With so much content coming out every year about the Second World War it’s easy to become complacent with just how massive the years from 1937 to 1945 actually were. New films about Nazis or the Pacific theatre come out every year, and after beating the same drum for seventy years it’s rare that the passionate film and history buff can discover something totally new.
What a lovely surprise it is that Norwegian director Erik Poppe has made The King’s Choice, a superbly made and acted film about the often overlooked Scandinavian front. King Haakon VII of Norway had been on the throne for thirty-seven years when the war started, and over the next two years his actions changed the course of Norwegian history. This is a story of invasion, battle, coup d’etat and monarchy proving that real history will always usurp fantasy fiction as the more fascinating.
Jesper Christensen’s towering performance is the backbone of Poppe’s film, playing the ageing king with a pride that has been earned after a lifetime of duty in the public service. The film opens with a scene of him playing with his grandchildren in the ghostly white snow when his daughter comes over and informs him that the German army is beginning to mobilise. “Let’s not end up on the wrong side of this war” she says. The days and decisions that followed were probably the most important that had happened in the history of Norway.
The events covered will most likely be totally new to any viewer who isn’t Norwegian. Writing as a rabid history buff who studied this period at university, pretty much all that transpires was a totally new and fascinating discovery. The king and the crown prince (Anders Baasmo Christiansen) had to leave their family behind and go into hiding, trying to deal with the encroaching German juggernaut and Vidkun Quisling, a Nazi collaborator who orchestrated a coup hours after the first shots were fired.
The King’s Choice has the kind of Scandinavian nostalgia that taps into memories of reading Hans Christian Anderson as a child. Norway has to be one of the most beautiful countries in the world and it has been magnificently shot by John Christian Rosenlund’s cinematography. Set design and costumes have the allure of old Europe, with its royal families and tradition. This is an incredibly well made film, from performances to editing it’s that beautiful ark of traditional and well-honed craft that Scandinavian film does so well.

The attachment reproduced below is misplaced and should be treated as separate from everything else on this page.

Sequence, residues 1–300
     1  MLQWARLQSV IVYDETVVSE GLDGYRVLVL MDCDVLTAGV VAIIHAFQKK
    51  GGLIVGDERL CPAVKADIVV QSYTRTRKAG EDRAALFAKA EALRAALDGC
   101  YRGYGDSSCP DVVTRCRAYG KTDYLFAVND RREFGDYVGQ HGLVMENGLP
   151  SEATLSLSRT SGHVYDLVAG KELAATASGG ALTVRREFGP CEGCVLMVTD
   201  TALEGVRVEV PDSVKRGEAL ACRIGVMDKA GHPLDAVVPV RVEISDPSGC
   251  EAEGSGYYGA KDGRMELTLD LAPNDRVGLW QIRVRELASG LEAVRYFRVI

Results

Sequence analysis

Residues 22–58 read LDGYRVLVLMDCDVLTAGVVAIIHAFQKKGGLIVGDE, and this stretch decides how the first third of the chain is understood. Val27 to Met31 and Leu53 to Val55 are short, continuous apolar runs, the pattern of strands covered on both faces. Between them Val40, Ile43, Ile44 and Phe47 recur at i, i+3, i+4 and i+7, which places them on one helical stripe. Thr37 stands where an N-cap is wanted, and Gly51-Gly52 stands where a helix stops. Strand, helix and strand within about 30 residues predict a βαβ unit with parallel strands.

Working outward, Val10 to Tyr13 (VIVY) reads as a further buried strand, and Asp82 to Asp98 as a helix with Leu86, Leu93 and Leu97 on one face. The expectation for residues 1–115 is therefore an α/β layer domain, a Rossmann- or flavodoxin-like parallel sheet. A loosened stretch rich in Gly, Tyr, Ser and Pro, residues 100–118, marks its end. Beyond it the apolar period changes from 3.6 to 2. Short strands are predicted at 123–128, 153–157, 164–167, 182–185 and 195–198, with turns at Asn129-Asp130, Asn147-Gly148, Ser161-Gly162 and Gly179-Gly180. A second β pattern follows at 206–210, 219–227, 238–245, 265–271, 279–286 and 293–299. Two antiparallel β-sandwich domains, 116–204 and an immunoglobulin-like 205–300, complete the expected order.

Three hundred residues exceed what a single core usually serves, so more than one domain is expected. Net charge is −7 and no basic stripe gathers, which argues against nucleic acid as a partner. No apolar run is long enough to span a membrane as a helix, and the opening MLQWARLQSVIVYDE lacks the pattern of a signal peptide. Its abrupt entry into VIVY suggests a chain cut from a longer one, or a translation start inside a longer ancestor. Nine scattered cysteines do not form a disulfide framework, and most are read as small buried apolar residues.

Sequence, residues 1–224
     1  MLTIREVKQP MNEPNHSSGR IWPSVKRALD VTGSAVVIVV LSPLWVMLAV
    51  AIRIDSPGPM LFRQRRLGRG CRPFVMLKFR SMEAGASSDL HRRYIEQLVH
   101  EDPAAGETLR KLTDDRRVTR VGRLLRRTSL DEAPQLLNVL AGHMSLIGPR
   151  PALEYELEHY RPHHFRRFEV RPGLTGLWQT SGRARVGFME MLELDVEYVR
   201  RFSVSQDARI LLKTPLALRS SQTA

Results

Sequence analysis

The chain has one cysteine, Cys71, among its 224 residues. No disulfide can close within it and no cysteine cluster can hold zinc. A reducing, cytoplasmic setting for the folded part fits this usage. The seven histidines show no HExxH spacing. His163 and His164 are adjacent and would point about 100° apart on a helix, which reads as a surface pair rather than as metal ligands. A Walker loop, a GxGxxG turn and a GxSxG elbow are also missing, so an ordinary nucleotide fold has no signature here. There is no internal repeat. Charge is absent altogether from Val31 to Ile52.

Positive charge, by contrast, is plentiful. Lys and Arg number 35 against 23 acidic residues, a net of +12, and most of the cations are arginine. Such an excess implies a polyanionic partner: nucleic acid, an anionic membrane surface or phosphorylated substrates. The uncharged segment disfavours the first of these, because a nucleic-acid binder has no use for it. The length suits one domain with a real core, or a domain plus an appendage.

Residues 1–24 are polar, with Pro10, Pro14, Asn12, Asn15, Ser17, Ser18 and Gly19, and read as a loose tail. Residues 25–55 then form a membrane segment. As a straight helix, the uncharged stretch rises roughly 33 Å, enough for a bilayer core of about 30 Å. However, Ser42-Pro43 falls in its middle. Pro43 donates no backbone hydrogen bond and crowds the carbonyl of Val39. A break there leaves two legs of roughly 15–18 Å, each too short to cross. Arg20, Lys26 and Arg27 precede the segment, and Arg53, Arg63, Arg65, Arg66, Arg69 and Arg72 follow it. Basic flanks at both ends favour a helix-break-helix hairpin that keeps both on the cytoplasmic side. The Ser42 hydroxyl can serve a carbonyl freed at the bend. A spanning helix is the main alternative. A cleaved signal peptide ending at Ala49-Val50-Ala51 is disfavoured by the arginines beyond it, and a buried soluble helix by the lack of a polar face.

Jesper Christensen is a veteran of European cinema – although English speaking viewers might know him as Mr White in the Craig era Bond films – whose performance here deserves every award it is nominated for. The entire film is based on him and his reputation. It must be a task for an actor to try and craft, then embody, a character whose whole person and prestige are one in the same, but Christensen nails it. The film simply wouldn’t work if Christensen’s level of performance wasn’t there.
For a film about how great the King of Norway and his loyal army handled a foreign invasion, it’s incredible to find that there isn’t a single hair of arrogance or jingoism. There’s a healthy vein of Norwegian patriotism and even monarchism but never a moment when the film crosses the line like many other nationalist films about war.
There are points where the film drags when it get bogged down in plot detail that didn’t need to be there. There’s one memorable but ill thought out moment when Wilhelm scream is used in the middle of a super serious battle, but on the whole this is Scandinavian filmmaking at its very best. There were six historical consultants listed in the credits so you know that this has been created with the utmost detail.
The King’s Choice has earned a record twelve nominations in the Norwegian film awards and was a hit at the local box office – it’s easy to see why. With the glory of both European and Scandinavian grandeur combined with Jesper Christensen’s towering performance, The King’s Choice is the kind of moving historical epic that both teaches and enthrals.
The King’s Choice is in cinemas from 24th August through Palace Films.